English Ethnicity and Race in Early Modern Drama

By Habib, Imtiaz | Medieval & Renaissance Drama in England, January 1, 2006 | Go to article overview
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English Ethnicity and Race in Early Modern Drama


Habib, Imtiaz, Medieval & Renaissance Drama in England


English Ethnicity and Race in Early Modern Drama, by Mary Floyd-Wilson. Cambridge: Cambridge University Press, 2003. Pp. xii + 256. Cloth $65.00.

Reviewer: IMTIAZ HABIB

Cued by Gail Kern Paster's success in her book The Body Embarrassed in reading early modern gender constructions through sixteenth- and seventeenth-century humor theory, Mary Floyd-Wilson sets out in this book to do the same for racial constructions. Drawing on a range of classical, medieval, and early modern texts-concerning what she calls ethnological geohumoralism-Floyd-Wilson contends that people from Africa and the wanner southern regions were regarded by classical and medieval writers as wise and balanced in contrast to northern people who were felt to be barbaric and mentally undeveloped. This typological mapping, which put the Anglo-European at a disadvantage, was, in a series of complex moves by early modern Anglo-European thinkers, manipulated and rearranged to make the northerners more balanced, sensible, and well formed in contrast with southern (African) people who were thought to be physically and mentally inferior. This mapping is reflected in popular early modern English drama, and it was perpetuated, as Floyd-Wilson demonstrates, in a representative selection of early modern English plays and masques by Marlowe (Tamburlaine the Great, Parts 1 and 2), Jonson (The Masque of Blackness), and Shakespeare (Othello and Cymbeline).

Specifically, the book's argument as Floyd-Wilson helpfully lays it out in the introduction is that the English were always aware of their disadvantaged position in classical geohumoral ethnological taxonomy as a barbaric northern people, but that they cloaked it throughout the Middle Ages in a national originary myth of descent from Troy. As descendents of Brut the son of Aeneas, the English could lay claim to a superior position of Mediterranean people in a classical schema. This position, however, was eroded when England severed its ideological ties with Rome in the Supremacy Act of 1534, leaving the English to face their barbaric northern identity once again (14). It is at this point that early modern English natural philosophers, aided and cued by their continental colleagues, set about to alter their ethnic position by claiming first that Caesar's conquest of Britain had purified and ennobled them, and that they were further improved by following the best of foreign customs. But, because this argument (typically made by William Camden) left the English too dependent on and imitative of foreign cultures, a subsequent argument was constructed, exemplified in the work of Richard Verstegan (1605), in which English ennoblement and purification was to have occurred without the Roman conquest of Britain but owing to Anglo-Saxon immigrations. Fundamental to both these impulses is the English anxiety to separate their own barbarism from that identified with their opposite-the southern (African) people-who were, in turn, reconstructed in a more demonstratively negative fashion. Thus, "blackness" was "reinterpreted as a sign of depravity at the same time that English people's northern roots are the subject of great scrutiny" and "their own sense of ethnicity and scrutiny was in flux" (18-19). According to Floyd-Wilson, most contemporary studies of early modern racial formations, following Winthrop Jordan's pathbreaking work, have "gloss[ed]" over, "obscure[d]" (5), and missed this "ethnological history" (11). English public theater is the natural "lightning rod" for these "ideological concerns" and these contradictory geohumoral taxonomic rearrangements (17) because the English are, in their own description (as in Thomas Wright's of 1604) like "stage-players" in their fondness for "aping and imitation" (17).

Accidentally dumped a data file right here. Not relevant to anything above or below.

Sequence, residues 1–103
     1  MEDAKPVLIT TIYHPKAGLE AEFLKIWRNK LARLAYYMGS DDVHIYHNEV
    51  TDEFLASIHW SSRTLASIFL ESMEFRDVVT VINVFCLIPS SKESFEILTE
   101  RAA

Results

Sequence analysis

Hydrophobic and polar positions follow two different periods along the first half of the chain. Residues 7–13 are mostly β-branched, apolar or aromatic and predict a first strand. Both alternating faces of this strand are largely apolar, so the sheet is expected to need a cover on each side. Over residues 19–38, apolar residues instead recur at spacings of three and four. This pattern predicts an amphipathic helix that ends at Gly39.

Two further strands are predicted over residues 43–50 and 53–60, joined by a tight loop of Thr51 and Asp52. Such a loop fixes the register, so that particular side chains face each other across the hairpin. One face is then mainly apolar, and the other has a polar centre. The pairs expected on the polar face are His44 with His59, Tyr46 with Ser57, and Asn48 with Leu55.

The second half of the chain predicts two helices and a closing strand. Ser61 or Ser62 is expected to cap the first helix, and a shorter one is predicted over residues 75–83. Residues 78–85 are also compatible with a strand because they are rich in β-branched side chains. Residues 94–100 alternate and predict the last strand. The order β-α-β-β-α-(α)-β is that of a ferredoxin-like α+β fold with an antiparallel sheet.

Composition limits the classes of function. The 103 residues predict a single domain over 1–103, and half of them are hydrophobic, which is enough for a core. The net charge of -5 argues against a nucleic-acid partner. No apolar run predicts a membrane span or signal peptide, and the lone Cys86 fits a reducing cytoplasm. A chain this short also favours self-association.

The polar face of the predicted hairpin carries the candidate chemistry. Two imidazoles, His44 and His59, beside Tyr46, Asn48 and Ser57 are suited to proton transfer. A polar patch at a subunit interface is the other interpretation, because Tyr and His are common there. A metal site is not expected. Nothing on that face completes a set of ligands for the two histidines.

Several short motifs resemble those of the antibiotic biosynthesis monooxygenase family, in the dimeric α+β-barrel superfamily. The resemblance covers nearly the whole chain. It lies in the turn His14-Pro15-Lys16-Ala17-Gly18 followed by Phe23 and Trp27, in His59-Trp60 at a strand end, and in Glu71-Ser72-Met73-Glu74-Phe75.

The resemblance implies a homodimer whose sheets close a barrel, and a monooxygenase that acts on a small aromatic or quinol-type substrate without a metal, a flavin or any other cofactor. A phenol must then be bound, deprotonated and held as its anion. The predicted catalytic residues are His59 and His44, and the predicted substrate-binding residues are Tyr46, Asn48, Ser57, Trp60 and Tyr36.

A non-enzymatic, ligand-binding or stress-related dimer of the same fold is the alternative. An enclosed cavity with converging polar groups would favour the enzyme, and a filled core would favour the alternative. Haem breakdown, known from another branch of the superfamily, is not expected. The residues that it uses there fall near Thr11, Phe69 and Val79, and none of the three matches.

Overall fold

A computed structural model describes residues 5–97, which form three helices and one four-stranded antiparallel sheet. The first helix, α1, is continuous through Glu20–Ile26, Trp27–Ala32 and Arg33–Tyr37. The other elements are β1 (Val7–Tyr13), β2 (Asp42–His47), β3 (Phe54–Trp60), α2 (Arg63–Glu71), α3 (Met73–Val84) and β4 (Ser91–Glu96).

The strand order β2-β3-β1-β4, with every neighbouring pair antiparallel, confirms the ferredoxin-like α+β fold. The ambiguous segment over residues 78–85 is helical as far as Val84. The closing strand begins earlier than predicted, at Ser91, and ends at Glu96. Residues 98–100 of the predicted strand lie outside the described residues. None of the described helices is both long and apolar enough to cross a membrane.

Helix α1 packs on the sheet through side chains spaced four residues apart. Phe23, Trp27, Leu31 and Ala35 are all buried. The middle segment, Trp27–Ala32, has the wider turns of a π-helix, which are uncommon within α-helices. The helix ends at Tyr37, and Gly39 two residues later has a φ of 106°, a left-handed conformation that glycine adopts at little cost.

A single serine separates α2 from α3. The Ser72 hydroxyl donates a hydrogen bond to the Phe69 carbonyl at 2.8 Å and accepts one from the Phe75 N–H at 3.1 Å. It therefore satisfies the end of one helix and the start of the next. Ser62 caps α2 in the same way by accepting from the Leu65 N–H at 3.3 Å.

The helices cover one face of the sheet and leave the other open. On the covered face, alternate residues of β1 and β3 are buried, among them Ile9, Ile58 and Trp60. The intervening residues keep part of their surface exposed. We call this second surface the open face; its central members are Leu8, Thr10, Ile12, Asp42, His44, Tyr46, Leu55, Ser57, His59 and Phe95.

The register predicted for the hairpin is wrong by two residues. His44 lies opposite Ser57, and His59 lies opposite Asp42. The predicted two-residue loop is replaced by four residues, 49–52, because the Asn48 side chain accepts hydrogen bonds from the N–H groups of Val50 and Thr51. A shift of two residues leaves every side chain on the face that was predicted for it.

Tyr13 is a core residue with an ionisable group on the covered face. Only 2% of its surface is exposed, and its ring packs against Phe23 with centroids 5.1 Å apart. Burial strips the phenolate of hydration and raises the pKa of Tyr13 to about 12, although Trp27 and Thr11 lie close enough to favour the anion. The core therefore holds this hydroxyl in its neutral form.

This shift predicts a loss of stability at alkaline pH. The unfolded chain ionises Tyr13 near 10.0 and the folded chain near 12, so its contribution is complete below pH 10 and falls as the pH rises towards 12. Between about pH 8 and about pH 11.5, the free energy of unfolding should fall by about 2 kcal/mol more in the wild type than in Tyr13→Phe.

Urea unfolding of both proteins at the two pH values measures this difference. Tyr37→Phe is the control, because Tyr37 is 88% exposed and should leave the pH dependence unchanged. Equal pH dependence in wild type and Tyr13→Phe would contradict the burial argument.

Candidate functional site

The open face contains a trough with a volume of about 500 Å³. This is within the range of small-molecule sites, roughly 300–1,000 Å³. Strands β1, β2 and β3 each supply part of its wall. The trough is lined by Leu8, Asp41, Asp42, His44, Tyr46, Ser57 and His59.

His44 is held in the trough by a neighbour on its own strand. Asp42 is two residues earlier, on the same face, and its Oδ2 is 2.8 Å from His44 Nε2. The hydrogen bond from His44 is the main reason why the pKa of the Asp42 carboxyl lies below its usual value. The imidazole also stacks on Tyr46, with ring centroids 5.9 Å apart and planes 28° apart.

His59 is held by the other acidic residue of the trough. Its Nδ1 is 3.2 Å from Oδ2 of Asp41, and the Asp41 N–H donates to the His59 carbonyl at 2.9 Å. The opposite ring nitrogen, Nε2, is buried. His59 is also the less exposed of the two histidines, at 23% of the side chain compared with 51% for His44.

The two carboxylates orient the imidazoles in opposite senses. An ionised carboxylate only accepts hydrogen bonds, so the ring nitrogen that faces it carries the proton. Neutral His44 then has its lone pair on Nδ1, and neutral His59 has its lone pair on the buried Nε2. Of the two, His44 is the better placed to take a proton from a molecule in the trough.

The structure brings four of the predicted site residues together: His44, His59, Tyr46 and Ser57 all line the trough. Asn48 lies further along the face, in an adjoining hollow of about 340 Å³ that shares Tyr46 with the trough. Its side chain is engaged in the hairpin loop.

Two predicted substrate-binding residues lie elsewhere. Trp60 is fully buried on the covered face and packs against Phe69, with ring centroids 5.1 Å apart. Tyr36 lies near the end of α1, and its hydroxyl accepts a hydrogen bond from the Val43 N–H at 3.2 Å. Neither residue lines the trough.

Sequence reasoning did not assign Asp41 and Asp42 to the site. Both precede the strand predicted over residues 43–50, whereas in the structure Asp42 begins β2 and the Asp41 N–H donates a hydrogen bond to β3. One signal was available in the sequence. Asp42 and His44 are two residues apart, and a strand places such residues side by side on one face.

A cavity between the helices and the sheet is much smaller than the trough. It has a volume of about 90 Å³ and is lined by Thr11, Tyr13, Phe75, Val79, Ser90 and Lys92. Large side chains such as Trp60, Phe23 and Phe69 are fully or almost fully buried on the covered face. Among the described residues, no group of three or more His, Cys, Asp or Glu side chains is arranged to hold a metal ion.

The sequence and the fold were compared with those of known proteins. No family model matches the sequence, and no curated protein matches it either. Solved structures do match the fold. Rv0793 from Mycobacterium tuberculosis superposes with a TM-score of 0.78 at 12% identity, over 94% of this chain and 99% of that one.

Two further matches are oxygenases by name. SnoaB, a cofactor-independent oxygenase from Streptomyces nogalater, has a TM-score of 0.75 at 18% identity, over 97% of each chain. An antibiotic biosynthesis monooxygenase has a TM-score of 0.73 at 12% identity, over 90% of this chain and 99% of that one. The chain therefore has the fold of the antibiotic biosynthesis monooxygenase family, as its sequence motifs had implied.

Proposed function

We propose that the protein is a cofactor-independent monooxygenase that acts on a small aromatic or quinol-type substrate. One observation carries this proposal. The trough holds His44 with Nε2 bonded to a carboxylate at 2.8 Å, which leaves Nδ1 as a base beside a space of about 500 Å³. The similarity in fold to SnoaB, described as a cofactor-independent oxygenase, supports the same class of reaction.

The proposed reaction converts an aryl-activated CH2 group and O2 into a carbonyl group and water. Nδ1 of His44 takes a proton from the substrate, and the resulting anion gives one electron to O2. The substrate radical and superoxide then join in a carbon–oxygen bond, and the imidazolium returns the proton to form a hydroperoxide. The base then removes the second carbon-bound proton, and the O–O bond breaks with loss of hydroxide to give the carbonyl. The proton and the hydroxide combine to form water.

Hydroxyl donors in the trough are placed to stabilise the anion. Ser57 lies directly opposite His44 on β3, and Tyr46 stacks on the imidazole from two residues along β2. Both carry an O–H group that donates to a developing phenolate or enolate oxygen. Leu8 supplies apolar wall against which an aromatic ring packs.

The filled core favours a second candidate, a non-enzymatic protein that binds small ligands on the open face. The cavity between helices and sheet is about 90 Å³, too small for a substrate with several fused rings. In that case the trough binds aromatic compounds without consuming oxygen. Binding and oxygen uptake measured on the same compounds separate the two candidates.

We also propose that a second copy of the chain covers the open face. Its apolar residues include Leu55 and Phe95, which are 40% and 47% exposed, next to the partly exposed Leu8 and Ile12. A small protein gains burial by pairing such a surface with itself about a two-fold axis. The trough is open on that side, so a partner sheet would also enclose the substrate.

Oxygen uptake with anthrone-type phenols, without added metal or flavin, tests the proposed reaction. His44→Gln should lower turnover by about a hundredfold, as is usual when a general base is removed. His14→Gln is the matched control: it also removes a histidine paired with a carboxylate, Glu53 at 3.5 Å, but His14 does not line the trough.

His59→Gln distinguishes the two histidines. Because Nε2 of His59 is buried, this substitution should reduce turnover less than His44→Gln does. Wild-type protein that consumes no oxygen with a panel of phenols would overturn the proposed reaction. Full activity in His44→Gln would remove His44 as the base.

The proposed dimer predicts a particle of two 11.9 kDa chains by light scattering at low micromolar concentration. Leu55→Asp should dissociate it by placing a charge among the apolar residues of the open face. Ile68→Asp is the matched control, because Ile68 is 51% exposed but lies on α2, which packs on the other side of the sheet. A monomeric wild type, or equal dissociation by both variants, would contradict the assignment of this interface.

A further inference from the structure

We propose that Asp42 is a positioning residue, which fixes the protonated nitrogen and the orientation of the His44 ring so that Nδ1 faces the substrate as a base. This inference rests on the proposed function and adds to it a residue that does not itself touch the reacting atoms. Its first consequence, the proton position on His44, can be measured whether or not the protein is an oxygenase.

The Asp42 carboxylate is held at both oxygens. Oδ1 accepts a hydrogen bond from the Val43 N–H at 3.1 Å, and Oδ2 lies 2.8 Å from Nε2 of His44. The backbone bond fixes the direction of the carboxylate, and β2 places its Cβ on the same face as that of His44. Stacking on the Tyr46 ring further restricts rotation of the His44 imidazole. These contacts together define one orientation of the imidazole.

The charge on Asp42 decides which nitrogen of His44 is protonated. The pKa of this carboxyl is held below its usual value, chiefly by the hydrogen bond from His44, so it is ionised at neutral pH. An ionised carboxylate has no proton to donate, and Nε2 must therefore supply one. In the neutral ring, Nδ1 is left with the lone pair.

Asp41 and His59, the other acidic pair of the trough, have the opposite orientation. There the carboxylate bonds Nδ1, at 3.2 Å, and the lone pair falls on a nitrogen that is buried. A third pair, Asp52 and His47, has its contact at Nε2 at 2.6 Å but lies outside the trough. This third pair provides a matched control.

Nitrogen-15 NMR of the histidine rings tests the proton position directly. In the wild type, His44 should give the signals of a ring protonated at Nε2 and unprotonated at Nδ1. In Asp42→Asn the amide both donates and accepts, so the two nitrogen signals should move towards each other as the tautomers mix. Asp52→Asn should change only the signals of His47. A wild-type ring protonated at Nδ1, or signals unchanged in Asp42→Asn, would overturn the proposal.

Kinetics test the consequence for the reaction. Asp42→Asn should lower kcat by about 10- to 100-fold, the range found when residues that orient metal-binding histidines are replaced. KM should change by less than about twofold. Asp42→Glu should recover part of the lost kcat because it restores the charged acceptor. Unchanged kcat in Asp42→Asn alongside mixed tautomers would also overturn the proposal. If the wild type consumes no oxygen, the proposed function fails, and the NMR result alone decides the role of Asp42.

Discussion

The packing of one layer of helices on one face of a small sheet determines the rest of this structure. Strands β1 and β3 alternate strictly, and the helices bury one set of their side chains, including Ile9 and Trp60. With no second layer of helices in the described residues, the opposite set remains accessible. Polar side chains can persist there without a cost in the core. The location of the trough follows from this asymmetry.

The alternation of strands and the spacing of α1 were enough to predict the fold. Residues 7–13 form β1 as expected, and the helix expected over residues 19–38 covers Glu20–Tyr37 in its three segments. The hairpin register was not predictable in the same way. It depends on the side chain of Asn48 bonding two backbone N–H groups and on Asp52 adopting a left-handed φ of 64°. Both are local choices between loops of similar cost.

Within current studies of racial formations in the early modern period, this book offers an important new argument. It does so in two ways. First, Floyd-Wilson attempts to study early modern English racial formations not just descriptively, through an examination of modes of representational analyses, but also symptomatically, by studying the nature of racial formations and their origins as the constituents of a fundamental paradigm shift.

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